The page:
Monthly Archives: December 2014

HFA Headquarters Office Awarded LEED-CI Gold Certification.

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HFA, a Bentonville based A/E design firm with a national reach was awarded LEED-CI Gold Certification on, December 17, 2014.

HFA took a former National Home Center building of 45,000 square feet and transformed the retail big-box space into an office of tomorrow. It’s a successful adaptive re-use. The office features an open layout for a collaborative work environment and new south exterior windows provide natural light into the studio space.

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Some key points:

• The space was designed using energy-efficient lighting and HVAC, water efficient fixtures and landscaping, as well as eco-friendly materials and furnishings.

• The design team excelled in the Innovation In Design Category including Exemplary Performance Credits.

• Careful equipment and appliance selection eared a few extra points.

• HFA diverted 83% of our construction waste by separating and recycling or reusing on site.

Although the addition of the south exterior windows achieved 1 point in the certification process, the daylight and views it provides to an adjacent park are worth much more than that to employees. It’s created a great work environment.

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Larry Lott, President & COO stated, “It has been a long road from the first day that we established one of our major design goals for our new office was to not only have an attractive office, but to seek LEED Silver as well. It was fantastic to hear that we not only achieved our original goal of Silver (which requires 50 points) but exceeded it with the approval of 65 points which put it over the required 60 points for LEED-CI (commercial interiors) Gold. It’s a credit to our staff’s abilities to fully utilize their sustainable design creativity and expertise resulting in a meaningful office environment for us to enjoy each day.”

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HFA would like to thank all of our staff who contributed to the successful design for our winning project (from design, to construction, to operation, to applying for LEED certification); and also thank the contractors and product vendors on the project for contributing and exceeding their LEED requirements as well.

What Questions?

Chris Horton

By Chris Horton, Vice President & CFO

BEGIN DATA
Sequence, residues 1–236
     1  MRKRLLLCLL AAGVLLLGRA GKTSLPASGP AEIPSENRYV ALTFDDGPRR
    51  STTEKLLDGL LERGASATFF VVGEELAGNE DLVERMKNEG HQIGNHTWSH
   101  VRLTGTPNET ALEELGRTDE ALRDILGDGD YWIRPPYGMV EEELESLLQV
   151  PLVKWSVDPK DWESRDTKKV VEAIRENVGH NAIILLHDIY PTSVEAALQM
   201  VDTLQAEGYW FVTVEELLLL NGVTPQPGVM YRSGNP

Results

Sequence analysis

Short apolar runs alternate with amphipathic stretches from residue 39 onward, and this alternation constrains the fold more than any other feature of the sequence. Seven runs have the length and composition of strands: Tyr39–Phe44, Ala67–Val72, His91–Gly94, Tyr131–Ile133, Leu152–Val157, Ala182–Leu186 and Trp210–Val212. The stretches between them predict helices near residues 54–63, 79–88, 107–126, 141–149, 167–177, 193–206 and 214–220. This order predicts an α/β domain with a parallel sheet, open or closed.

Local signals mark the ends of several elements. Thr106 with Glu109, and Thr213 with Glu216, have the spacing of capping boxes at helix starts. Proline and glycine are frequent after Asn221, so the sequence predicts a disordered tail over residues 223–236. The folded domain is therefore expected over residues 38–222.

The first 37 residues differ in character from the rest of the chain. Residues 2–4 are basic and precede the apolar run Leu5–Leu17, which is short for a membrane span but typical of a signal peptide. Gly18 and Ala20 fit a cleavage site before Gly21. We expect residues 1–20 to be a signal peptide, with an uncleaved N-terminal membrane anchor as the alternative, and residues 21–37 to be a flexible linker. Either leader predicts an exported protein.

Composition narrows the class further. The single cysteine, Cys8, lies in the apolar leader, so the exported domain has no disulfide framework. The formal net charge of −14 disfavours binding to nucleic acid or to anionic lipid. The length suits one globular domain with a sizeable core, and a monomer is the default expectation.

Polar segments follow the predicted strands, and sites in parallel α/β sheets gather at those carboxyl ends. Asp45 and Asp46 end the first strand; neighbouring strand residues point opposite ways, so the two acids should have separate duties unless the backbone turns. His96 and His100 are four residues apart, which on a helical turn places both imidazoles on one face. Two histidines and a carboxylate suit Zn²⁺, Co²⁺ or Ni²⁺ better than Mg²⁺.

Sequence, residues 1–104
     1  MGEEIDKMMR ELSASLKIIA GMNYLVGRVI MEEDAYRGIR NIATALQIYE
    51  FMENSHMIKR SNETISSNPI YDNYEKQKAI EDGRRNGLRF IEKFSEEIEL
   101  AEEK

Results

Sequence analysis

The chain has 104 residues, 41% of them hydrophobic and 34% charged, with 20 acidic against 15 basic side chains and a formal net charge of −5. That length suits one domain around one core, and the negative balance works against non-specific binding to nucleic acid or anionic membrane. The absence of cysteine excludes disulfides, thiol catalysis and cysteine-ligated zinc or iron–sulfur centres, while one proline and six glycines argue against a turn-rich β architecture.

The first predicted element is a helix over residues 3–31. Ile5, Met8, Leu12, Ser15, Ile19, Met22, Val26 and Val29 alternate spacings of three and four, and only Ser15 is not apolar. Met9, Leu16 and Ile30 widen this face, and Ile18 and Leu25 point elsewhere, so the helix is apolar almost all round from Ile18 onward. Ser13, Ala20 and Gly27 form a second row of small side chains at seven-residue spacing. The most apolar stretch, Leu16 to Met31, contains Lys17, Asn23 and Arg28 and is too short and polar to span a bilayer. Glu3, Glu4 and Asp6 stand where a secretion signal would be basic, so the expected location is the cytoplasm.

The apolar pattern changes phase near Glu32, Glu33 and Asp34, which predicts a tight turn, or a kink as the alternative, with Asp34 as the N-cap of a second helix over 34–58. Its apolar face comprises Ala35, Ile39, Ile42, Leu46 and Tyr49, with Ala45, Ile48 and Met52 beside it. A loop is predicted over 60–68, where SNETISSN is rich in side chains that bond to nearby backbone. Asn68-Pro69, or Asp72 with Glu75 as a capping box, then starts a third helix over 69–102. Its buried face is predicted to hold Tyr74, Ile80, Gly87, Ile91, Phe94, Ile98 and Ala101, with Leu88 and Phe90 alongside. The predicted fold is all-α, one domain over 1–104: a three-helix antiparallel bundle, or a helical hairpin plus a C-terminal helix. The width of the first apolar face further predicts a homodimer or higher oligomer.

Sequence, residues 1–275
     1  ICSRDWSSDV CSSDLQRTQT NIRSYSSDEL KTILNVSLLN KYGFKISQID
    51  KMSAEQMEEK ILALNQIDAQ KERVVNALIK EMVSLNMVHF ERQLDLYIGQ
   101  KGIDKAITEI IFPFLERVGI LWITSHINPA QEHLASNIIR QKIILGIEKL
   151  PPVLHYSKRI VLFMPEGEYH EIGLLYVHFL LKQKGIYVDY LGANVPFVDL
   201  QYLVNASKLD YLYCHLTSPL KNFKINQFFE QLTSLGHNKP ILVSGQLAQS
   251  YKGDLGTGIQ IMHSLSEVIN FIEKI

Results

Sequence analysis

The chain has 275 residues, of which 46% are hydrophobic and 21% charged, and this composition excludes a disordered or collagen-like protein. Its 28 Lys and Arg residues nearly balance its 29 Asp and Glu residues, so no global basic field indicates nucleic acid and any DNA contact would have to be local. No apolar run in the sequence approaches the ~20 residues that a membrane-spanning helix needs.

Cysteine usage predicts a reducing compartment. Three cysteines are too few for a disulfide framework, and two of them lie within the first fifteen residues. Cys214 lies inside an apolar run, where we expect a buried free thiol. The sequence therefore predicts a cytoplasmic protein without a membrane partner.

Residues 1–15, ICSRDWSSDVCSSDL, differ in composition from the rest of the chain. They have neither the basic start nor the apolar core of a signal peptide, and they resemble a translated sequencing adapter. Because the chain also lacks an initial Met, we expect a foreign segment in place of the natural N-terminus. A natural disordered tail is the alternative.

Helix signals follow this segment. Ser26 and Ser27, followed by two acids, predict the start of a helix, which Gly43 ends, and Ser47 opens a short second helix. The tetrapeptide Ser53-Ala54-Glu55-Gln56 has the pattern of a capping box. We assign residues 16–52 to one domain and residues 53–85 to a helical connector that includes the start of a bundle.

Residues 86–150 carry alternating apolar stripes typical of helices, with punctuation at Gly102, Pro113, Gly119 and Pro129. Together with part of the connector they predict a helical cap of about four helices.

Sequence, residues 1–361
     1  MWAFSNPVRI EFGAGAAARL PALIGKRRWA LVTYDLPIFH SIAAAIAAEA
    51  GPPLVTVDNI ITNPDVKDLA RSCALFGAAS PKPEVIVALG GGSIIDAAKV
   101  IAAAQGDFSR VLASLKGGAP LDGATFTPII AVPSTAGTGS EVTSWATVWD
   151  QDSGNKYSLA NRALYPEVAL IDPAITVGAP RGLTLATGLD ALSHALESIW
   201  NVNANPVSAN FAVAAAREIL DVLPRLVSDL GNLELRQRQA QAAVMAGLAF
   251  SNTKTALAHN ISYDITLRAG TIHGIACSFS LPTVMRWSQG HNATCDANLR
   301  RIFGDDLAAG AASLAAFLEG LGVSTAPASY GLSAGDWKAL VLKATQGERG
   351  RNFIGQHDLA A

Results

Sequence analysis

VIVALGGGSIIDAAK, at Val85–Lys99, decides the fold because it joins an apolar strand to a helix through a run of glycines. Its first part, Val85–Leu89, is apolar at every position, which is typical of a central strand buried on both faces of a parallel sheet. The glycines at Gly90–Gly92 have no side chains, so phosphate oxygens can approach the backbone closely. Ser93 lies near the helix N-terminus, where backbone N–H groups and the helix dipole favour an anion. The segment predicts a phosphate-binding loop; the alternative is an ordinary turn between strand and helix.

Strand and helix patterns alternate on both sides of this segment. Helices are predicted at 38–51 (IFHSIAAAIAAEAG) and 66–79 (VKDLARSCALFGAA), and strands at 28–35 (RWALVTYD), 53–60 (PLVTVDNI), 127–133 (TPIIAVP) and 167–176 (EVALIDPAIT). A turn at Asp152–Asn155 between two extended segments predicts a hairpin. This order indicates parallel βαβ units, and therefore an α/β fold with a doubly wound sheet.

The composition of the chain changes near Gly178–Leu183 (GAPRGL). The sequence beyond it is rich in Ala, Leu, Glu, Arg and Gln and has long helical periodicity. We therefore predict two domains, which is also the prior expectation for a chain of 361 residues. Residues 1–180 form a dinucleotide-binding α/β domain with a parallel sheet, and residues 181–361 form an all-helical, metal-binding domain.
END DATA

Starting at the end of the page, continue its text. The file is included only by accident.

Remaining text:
In my last article, I wrote about the integrated Architect/Engineer team and the benefits of finding and hiring the right one. This article will act as a guide for the questions you should be asking when performing your search.

The American Institute of Architects website (www.AIA.org) has several suggestions of questions to ask during your interview of potential candidates. Working on an integrated A/E team comes with a set of unique challenges and opportunities that an engineer or architect would not necessarily face when only performing the tasks related to their discipline and then passing the project along. It is important to ask candidates about their experience with integrated projects as well as other kinds of teams they may have worked on. Design philosophy, who will be the main point of contact at a partner firm, and experience level are just a few of the factors that need to be taken into consideration, but these simple questions should help you narrow down your choices.

When evaluating consultant teams, which typically may contain many professional disciplines, it may be very difficult to tell if a team is truly integrated. This task takes asking a different set of questions all together. Teams are so often setup in silos and very seldom talk to each other face-to-face. Email has become the way of managing and is among the reasons that deadlines are not met, major misses occurs, etc. Ask the following:

How are their teams structured and how they share fees?

What about their philosophy on teamwork, do they sit together or is each discipline segregated?

What consultants do they use (you will usually have some outside consultants) and how they are integrated into the team?

Who will be attending any meetings with you?

It is very important that the key players are involved. If your consultant plans to send a single person, run away! One person cannot have the breadth and depth of knowledge you need to ensure you are getting the product you want.

So we have discussed what questions to ask, but what about you, the owner. What kind of things do you need to bring to the table? Well, you guessed it. That’s for another article!